Gimme Grit Over Grammy

grammyI love music and I work in TV so watching the Grammy Awards is sort of a given … especially on a Sunday night in February.  It’s sort of an exercise in frustration though … most of the bands that I really appreciate these days are makin’ a livin’ a long way from the glitz of the Grammy stage.  That doesn’t mean the folks with the nominations are any less committed or admirable .. (okay, a lot of them are) .. but awards for the arts are always equal parts luck and skill.

I love the fact that M.I.A. hit the stage, nine months pregnant, and on her due date.  You’ve got Radiohead and the Jonas Brothers in the same venue … just for the sake of weirdness that works.  Plus the thoughtful intensity of Death Cab For Cutie, alongside the knuckle-dragging idiocy of Kid Rock.  All part of the fractured world of iTunes singles, and music consumers with very few loyalties.

heartlessSo, on a day when the alleged best of the best was being celebrated what was I listening to?  That would be Heartless Bastards.

Erika Wennerstrom is the voice and pen behind a bar band that blends lo-fi roots rock, with high minded determination.  Yeah, her voice is more gritty that pretty, and you immediately get the impression you’re listening to someone who has something to say … not someone just trying to grab attention.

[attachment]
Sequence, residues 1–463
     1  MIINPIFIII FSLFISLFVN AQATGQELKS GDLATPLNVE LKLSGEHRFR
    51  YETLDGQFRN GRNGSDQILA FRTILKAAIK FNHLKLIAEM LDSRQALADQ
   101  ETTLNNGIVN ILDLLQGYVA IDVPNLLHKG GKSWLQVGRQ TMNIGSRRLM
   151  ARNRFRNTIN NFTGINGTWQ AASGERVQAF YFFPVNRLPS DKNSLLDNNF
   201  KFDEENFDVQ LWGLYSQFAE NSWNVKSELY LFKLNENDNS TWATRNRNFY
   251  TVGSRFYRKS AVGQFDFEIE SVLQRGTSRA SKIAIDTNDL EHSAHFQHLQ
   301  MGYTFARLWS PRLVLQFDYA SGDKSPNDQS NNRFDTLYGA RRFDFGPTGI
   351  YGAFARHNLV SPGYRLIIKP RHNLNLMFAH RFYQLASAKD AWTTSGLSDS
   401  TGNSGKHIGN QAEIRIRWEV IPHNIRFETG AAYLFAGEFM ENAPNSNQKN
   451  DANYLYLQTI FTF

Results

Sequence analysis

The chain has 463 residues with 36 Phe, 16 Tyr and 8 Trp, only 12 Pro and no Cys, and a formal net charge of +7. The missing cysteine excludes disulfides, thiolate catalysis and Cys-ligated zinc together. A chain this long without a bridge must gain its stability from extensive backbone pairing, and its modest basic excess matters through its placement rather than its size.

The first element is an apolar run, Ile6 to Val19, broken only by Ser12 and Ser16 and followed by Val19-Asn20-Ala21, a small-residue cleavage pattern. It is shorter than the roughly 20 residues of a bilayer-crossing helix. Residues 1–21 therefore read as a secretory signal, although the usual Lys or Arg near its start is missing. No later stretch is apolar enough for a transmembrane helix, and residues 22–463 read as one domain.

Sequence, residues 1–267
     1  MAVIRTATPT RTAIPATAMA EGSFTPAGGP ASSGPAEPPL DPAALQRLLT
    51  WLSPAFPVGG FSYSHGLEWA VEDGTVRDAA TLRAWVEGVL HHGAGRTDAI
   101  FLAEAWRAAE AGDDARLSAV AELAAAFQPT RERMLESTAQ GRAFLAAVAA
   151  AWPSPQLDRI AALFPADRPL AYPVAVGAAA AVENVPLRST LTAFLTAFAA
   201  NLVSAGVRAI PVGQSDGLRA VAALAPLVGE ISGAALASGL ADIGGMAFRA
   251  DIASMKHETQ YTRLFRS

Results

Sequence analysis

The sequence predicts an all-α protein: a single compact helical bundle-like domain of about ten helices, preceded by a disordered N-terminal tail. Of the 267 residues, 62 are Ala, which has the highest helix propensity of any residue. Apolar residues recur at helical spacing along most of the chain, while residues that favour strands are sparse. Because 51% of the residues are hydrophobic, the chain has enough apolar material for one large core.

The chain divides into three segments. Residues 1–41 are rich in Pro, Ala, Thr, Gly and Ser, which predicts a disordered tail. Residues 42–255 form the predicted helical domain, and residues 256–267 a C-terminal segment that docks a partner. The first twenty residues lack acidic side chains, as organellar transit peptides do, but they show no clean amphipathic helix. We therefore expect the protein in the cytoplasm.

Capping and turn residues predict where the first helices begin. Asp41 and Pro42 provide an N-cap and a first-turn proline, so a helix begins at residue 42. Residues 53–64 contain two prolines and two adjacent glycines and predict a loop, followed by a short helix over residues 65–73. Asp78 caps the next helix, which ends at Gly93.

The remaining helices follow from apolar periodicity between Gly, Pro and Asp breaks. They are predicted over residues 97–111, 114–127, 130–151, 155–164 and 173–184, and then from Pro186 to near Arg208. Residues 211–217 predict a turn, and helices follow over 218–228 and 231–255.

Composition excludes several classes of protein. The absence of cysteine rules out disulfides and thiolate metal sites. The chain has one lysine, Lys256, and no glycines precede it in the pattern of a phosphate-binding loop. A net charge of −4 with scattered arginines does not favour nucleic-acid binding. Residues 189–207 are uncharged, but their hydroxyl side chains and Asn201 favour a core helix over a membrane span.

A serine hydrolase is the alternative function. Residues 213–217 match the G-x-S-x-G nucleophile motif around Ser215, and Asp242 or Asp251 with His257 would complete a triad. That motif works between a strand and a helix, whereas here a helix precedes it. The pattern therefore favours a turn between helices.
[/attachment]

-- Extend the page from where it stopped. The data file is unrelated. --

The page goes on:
The band’s new CD “The Mountain” is as solid as its title.  It’s a sadder-but-wiser collection of songs that doesn’t lose its sense of optimism or humor amid the heartbreaks and setbacks.  “Could Be So Happy” is a good example … a straightforward acoustic ballad about longing for better days.

I’m gonna see what tomorrow brings/I’m gonna take it to the world outside

“Hold Your Head High” is another standout.  You can listen to some of their tracks on the band’s myspace page, and I hope after visiting you’ll invest a few of your hard earned entertainment dollars.

Heartless Bastards got their start in Ohio, and are now part of the thriving Austin, Texas music scene.  “The Mountain” was produced by Mike McCarthy who works with Spoon, and it’s easy to see why he’d be drawn to working with Wennerstrom.  Like Spoon’s Britt Daniel, she’s playing up to the audience not down to it.  It makes you feel like you’re more than a fan … you’re a kindred spirit.


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